cover image Cracking the Bible Code

Cracking the Bible Code

Jeffrey Satinover. William Morrow & Company, $23 (288pp) ISBN 978-0-688-15463-9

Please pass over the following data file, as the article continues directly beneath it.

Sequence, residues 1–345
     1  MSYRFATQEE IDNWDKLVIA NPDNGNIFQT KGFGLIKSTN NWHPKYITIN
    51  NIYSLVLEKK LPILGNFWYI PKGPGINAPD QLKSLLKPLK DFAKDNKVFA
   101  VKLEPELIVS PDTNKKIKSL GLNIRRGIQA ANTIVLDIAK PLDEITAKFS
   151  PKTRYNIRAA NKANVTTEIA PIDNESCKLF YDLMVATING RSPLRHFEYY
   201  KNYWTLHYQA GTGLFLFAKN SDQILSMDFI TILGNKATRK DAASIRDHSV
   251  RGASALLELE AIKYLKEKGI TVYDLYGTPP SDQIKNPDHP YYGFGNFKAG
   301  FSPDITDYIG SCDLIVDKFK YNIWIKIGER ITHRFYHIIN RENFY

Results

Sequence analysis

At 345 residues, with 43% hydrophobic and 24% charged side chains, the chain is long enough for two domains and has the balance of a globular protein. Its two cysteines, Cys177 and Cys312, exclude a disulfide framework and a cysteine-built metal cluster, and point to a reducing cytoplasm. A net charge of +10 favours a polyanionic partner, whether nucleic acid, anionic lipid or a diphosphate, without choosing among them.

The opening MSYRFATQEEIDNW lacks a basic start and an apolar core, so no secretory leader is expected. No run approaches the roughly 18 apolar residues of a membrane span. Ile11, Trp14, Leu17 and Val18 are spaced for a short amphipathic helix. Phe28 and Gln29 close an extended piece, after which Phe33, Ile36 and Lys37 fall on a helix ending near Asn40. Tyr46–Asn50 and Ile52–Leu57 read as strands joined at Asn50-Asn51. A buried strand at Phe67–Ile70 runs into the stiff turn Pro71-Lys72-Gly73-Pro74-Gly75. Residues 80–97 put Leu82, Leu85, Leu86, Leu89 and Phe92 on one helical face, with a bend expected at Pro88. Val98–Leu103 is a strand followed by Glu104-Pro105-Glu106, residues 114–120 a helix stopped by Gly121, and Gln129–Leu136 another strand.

Attempts to decode the meaning of the Bible are as old as the scriptures themselves. Jewish writers such as Philo and Christian writers such as Origen believed that the very letters and words of the Bible held literal, not symbolic, meaning. According to Satinover, at least one interpretive tradition in Judaism holds that the Torah was ""dictated directly by God to Moses in a precise letter-by-letter sequence."" In this book, Satinover sets out to show how reading the Torah in a strict letter-by-letter sequence, as well as by applying the methods of the science of cryptology to the texts, decodes the Torah to yield startling information about contemporary events. Satinover begins by demonstrating the manner in which certain Hebrew letters may be read to show the way that God changes the name Abram to Abraham. He then proceeds to show how a variety of scholars have attempted to decode the Bible, from Rabbi Moses ben Nachman, who contended that all of Israel's history may be found in the letters of the Torah, to Michael Drosnin, whose cracking of the ""Bible code"" in his recent book of the same name alleges that events like the assassination of Israeli Prime Minister Rabin are foretold in the sacred book. Satinover's own book reads like a detective story and is a good introduction and survey to the many theories that hold that the Bible is a document whose language may be cracked like a spy code to reveal truth. (Oct.)